After paying for tuition, books and living expenses, it’s not hard for students to be short on cash, but the Experimental Economics Laboratory at UAA might be a solution for a quick buck.
By signing up to participate in experiments, UAA students can get paid while helping researchers learn more about average individuals’ economic decisions.
Rather than hooking participants up to gadgets and wires, the subjects have their own computer stations where they take part in the experiments, which professor and former Rasmuson Chair of Economics Jim Murphy likens to games.
“We actually put [students] in a situation where they’re making economic decisions, and the amount of money that [they] earn is based on how things go in the game,” Murphy said.
The times and time commitments for experiments vary, but a participant will make $5 just for showing up on time, which is essential.
“After that, it’s up to you to earn your money,” Murphy said.
The experiments can include competitive or cooperative market simulations and individual decision-making exercises, but you don’t need to be an expert on the subjects. The researchers try to make the games as simple and understandable as possible.
“It’s definitely not the case that business majors and economics majors have a strategic advantage in these types of games,” Murphy said.
Garrison Thoreoux is a mechanical engineering student at UAA and has participated in three experiments so far.
“My friend told me he got like 40 bucks for half an hour worth of work, so I was hooked instantly,” Thoreoux said.
The most recent experiment Thoreoux attended was a buyer and seller situation. Using the computer software in the lab, the room was divided into buyers and sellers with the goal of making as much profit as possible.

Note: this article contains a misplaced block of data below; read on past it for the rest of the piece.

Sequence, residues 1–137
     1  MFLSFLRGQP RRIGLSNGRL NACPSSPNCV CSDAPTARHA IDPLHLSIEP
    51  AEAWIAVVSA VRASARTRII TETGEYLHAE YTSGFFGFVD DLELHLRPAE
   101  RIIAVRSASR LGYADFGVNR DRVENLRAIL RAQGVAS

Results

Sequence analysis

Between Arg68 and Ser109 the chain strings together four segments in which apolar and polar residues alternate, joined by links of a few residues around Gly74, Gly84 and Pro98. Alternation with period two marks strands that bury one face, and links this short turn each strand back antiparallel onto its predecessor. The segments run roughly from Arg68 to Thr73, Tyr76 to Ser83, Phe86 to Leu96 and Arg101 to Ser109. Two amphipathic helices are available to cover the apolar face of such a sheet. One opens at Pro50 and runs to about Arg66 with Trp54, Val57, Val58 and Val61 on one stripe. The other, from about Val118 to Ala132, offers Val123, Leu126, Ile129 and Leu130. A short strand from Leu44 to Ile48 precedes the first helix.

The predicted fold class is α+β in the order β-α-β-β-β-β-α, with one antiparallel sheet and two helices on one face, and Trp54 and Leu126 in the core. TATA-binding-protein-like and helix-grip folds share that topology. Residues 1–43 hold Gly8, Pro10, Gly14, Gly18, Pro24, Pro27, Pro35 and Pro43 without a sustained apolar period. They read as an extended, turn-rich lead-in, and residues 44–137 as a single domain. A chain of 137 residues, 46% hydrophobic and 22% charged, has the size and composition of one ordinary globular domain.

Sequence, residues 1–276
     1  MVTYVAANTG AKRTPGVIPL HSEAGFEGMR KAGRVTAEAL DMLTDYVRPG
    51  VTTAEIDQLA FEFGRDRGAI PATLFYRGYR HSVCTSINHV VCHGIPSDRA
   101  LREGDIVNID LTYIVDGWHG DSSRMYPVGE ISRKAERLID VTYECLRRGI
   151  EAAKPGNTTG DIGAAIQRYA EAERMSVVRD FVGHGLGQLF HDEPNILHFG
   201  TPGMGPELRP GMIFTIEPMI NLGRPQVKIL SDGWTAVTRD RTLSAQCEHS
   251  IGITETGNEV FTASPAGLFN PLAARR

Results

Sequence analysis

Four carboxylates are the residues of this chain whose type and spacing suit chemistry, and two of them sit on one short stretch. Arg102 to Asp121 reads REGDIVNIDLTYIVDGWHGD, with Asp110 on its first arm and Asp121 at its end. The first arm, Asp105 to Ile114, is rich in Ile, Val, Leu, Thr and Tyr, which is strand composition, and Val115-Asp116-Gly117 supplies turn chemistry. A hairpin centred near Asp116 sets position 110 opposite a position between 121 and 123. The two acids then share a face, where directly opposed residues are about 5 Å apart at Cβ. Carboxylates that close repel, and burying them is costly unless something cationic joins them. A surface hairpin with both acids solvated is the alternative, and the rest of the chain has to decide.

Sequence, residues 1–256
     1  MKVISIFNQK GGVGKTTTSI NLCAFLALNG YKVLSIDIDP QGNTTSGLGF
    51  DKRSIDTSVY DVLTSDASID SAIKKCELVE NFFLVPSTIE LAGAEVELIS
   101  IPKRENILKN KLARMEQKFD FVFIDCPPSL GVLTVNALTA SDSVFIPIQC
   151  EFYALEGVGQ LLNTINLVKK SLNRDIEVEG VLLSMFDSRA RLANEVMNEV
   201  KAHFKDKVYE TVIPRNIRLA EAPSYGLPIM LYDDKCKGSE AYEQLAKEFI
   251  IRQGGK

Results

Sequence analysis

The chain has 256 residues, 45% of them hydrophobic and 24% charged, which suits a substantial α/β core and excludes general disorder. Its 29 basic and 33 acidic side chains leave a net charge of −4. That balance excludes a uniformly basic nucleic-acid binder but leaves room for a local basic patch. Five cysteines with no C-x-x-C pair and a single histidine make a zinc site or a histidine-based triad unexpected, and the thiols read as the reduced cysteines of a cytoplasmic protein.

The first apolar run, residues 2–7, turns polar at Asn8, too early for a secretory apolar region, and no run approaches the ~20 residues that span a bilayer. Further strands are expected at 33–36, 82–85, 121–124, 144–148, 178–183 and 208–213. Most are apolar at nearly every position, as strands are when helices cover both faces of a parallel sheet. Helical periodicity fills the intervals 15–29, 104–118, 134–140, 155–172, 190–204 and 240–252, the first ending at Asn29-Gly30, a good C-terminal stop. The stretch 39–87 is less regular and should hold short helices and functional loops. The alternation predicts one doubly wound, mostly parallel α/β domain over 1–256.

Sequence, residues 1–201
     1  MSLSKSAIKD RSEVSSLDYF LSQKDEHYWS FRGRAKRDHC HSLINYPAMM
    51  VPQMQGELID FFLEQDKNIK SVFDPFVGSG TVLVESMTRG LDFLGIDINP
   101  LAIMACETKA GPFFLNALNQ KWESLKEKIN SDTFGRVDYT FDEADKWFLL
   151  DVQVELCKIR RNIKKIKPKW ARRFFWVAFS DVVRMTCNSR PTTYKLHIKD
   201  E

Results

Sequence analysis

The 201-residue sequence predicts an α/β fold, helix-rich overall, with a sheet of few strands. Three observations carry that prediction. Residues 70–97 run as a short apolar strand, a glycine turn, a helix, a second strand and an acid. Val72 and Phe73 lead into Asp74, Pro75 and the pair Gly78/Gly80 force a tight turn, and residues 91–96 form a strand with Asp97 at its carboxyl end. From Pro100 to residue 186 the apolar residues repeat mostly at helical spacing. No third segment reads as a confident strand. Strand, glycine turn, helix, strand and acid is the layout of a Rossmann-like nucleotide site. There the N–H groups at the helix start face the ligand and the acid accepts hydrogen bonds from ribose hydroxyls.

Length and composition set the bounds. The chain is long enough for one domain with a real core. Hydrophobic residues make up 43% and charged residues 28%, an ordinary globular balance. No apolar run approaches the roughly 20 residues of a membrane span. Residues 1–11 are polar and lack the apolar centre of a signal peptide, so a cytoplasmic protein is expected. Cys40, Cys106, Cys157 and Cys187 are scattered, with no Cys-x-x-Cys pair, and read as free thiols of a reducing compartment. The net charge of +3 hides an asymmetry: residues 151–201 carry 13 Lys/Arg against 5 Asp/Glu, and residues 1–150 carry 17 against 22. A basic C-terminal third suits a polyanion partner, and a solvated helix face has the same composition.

While students might not make stacks of cash after an experiment, there’s usually enough for a bite to eat.
“Most times you make enough to go buy a Subway sandwich,” Thoreoux said.
Unlike some experiments where the participant might not get all of the information regarding the goal of the exercise, Murphy said the researchers aren’t trying to deceive anyone. Doing so would only negatively affect the results of the experiment.
“We never have any tricks up our sleeve and we try to be as open and transparent about what we’re doing,” Murphy said.
The researchers are often assisted by a handful of economics undergraduates who work from a control room off of the lab. Economics students can sometimes take the lead on experiments and the experience they get can be valuable on a resume or when applying to graduate school. Some of the exercises are even incorporated in class work, as using games to apply certain principles is more engaging than graphs on a whiteboard.
The Experimental Economics Laboratory was started in 2003 with the help of 2002 Nobel laureate in economics and first UAA Rasmusen Chair of Economics Vernon Smith.
UAA’s Experimental Economics program is ranked in the top 10 percent of it’s type internationally by RePEc, an independent resource for economic research.
For more information on taking part in experiments or the Experimental Economics Laboratory go to econlab.uaa.alaska.edu.